The combination of electronics, writing and retailing made me the perfect candidate for my first post-college job, Assistant Editor of High Fidelity Trade News. It was a magazine that served hi-fi dealers.
My starting salary (in 1970) was just $115 per week, but I had an impressive title. And unlike some of my classmates, I was working on a slick magazine in Manhattan, not a weekly newspaper in Duluth.
One thing I had not learned in life or at Lehigh, however, was how "trade journalism" works.
Publications that provide free subscriptions to hi-fi dealers (or gas station operators, dentists or practitioners of any occupation) are dependent on advertising revenue.
At The New Yorker, a Lehigh professor told me, editors and ad salesmen were not even allowed to be in an elevator together. Upper management feared that an ad guy would try to get an editor to provide positive coverage for an actual or potential advertiser even if nothing newsworthy was happening.
Trade journalism is completely different.
At my first job, any news, no matter how insignificant, was treated as BIG NEWS, if it would help win or keep an advertising contract.
The magazine's boss was not really the editor, but Ken, the advertising manager. He planned our editorial coverage, i.e., ass-kissing.
At one press conference where a manufacturer was showing new products, we had two real editorial people, plus the production manager making believe he was a reporter, and an ad salesman making believe he was a photographer.
He flashed his strobe light at dramatic moments, but there was no film in his camera. (Back then, cameras used film.)
We were not the only ones. Some other magazines were even worse whores than we were.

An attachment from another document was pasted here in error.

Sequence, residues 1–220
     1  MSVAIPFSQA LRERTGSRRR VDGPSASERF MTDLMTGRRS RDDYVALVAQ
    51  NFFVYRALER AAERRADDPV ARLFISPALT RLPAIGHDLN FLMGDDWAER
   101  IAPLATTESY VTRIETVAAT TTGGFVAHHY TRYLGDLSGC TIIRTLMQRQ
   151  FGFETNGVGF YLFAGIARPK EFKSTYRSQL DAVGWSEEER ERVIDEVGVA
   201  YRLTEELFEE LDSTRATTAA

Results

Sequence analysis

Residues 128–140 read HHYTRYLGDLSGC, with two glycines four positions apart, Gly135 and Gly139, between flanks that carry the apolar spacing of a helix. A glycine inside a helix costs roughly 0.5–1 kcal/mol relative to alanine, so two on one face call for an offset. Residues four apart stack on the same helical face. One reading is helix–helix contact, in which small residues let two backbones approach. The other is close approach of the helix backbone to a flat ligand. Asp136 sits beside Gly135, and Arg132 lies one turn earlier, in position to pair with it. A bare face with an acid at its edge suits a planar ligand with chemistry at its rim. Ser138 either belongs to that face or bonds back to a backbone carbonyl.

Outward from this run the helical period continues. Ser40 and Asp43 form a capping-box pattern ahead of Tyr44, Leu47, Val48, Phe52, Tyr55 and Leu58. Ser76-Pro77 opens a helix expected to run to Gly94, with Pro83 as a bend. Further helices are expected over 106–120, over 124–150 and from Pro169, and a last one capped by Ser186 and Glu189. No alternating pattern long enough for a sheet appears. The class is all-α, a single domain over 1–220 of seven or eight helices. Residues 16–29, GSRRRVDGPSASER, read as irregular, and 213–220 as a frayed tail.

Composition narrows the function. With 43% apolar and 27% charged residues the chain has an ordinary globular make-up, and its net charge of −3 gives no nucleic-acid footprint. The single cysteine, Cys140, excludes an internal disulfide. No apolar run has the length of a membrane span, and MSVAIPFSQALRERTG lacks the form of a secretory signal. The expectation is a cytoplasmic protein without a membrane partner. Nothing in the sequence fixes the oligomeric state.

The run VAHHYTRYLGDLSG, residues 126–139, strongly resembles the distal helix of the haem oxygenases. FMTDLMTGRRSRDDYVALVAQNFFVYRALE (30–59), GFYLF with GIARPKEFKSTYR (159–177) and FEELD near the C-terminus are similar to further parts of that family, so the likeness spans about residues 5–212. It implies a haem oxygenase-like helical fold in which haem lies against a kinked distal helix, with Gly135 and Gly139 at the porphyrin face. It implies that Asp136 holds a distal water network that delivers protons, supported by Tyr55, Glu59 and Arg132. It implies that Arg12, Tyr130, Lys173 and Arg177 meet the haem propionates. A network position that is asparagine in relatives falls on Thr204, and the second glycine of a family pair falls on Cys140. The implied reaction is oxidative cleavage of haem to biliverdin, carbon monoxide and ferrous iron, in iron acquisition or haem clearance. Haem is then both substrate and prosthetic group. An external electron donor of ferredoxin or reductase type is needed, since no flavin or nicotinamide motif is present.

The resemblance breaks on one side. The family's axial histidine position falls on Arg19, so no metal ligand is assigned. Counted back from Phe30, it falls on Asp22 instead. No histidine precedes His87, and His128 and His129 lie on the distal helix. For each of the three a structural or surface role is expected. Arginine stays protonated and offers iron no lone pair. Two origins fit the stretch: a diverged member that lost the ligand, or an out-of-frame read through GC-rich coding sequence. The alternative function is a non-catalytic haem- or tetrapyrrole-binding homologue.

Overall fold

I remember an industry event where Stanley, an over-eager ad man, was introduced to the boss of a hi-fi equipment manufacturer. The second sentence out of Stan's mouth was, "We're thinking of putting your new product on the cover."
I've been away from trade journalism for over 40 years and hadn't thought much about it until recently.
Publishers Weekly is an important magazine and I read nearly every issue to keep up with book business trends and news. One issue of the usually respectable magazine took me back to the bad old days. I felt like puking.
Although PW does charge for subscriptions (for its paper edition) it needs advertising revenue, and appears to be willing to get into bed with the sleaziest of the sleazy if the relationship might bring in a few bucks.
In a dramatic reversal (I know that's a hackneyed phrase, but it's appropriate here), on May 3, 2013 PW called Author Solutions as "One of the largest self-publishing service providers in the country." The PW management apparently realized that most of the ad money of the growing self-publishing business has been spent in Writers Digest and for online ads -- and PW wants a piece of the action.
The mag ran a puffy quote that portrays new boss Andrew Phillips as a semi-god: "Andrew's impressive range of talents and experience equip him perfectly to extend the international development of Author Solutions, to build on our network of publishing partnerships, and to strengthen the ties with Penguin companies around the world,”
Apparently, PW badly needs advertising revenue from Author Solutions and its parent Penguin Random House.